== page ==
Writing is a mastery of the written word, which is a skill that can then be applied in different fields — even the most boring ones. You can use this skill for yourself, for academic purposes, or for a career like content writing for tech companies. Depending on what you pursue, it will generally fall into one of two categories at its core: creative writing or content writing.
Content writing vs. creative writing — you might think that the two go hand in hand, but in fact they are quite different. Let’s explore the difference between creative writing and content writing and find out whether there are ways for the two to intersect.
What is creative writing in its purest form?
Creative writing is a form of expression that involves fictional or non-fictional storytelling in which the main goal is to present feelings and trigger different emotions. The critical tool in creative writing is in the name: creativity. Creativity helps a writer generate ideas or lay ideas out in an unusual way using different genres and writing styles. In a nutshell, creative writing is based on the writer’s imagination and their ability to juggle words and phrases to create text that captures the reader’s attention.
The definition of creative writing can seem vague without some creative writing examples. Here are a few that show the range and the skill that creative writing entails:
- Personal letters
- Scripts for movies and television
- Personal blogs
- And more
If this rundown of creative writing types is not enough, try applying analysis: if you know the elements of creative writing, you can quickly tell when a piece fits the parameters.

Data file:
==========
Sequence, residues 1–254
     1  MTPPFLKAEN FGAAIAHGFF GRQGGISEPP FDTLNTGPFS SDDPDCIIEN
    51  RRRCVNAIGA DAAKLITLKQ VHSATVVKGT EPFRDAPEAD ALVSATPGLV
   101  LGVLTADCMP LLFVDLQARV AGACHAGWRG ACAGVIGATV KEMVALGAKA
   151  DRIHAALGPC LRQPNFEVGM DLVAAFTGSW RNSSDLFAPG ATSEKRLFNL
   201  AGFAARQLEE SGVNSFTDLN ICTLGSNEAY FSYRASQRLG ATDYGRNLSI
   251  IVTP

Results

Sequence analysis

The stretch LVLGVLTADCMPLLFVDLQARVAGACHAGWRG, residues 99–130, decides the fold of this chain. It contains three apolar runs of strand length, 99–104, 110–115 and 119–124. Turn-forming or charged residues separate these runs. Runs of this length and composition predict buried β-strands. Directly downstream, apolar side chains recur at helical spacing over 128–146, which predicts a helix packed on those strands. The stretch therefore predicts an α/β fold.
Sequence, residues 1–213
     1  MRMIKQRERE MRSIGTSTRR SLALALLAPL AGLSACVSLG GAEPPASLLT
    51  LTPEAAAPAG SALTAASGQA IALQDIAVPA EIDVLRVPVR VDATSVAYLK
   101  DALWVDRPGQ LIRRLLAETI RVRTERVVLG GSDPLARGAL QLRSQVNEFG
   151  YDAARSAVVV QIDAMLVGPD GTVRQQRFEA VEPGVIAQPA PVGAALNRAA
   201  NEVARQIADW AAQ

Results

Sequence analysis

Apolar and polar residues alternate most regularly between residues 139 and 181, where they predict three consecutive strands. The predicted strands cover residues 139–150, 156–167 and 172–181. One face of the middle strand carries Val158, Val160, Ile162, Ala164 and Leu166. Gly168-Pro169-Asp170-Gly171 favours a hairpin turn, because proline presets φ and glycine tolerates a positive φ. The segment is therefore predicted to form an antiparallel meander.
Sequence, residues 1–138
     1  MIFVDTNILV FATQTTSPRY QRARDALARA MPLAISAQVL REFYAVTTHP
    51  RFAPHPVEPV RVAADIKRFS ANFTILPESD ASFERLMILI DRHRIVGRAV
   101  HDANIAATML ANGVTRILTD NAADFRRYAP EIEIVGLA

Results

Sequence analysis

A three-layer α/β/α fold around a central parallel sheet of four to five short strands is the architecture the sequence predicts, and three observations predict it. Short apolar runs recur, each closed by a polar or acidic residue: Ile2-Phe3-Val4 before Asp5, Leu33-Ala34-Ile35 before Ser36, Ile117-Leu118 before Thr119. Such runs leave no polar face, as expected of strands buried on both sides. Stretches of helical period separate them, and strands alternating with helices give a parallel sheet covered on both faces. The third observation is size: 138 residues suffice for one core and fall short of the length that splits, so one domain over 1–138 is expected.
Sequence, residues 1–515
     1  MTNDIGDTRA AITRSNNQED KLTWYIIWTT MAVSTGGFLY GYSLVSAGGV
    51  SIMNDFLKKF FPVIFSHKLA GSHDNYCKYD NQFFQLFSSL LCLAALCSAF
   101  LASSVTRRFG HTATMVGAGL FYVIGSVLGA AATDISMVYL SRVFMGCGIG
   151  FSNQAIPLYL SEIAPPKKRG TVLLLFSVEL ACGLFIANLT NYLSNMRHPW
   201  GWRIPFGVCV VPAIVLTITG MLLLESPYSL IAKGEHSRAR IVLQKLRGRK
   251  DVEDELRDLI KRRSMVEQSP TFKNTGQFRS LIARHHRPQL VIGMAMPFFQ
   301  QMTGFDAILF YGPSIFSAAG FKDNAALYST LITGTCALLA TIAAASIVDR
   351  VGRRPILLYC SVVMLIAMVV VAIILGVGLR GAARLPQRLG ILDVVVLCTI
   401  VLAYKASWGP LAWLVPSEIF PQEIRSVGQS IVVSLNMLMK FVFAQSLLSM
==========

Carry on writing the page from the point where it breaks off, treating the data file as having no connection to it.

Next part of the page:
Vital elements of creative writing
You can identify creative writing when you understand its essential, definitive elements.
- Plot and character development. These are necessary to create a three-dimensional world where the characters abide and change.
- Scene setting. This is how you introduce the place where actions happen.
- Literary tropes. Creating literary tropes means applying methods to add figurative language to a piece of writing.
- Narrative style. The art of telling a story from beginning to end, where the narrator may or may not be visible.
- Point of view. The text can use the first person, second person, or third person. There can be a mixture of points of view, too.
- Underlying theme. The implicit, overarching theme unifies the whole story and begs the question: why was the piece written and what is its purpose?
- Emotional and visual appeal. This implies using language and sometimes illustrations to trigger the desired emotion in the reader.
Now that we’ve laid out a working definition of creative writing, let’s see what content writing is all about.
What is content writing, really?
Content writing is creating a structural, logical, and relevant copy for a predefined audience with the intent of either selling or promoting a product or service. Content writing may appreciate creativity, but it’s not the cornerstone. Instead, facts and informativeness prevail, making up the main difference between creative writing and content writing.
A list of content writing examples may illustrate where content is applied:
- Case studies
- Corporate blogs
- Web page copy
- Product descriptions
- Landing pages
- And more
Any writing can be considered content if it incorporates key elements. Those elements send a signal to the readers that the copy at hand is not a creative endeavor, but rather a piece of content.
Most vivid elements of content writing
Writing by itself is artistic, but when it comes to content (either B2C or B2B content writing), you (as the writer) cannot let your mind wander off and write whatever or however you want. You have to be aware of the following critical elements so that your writing looks like and is content.
- Reader intent. Content writing is mainly centered around specific demographics and should correspond to their interests, rather than the writer’s intent.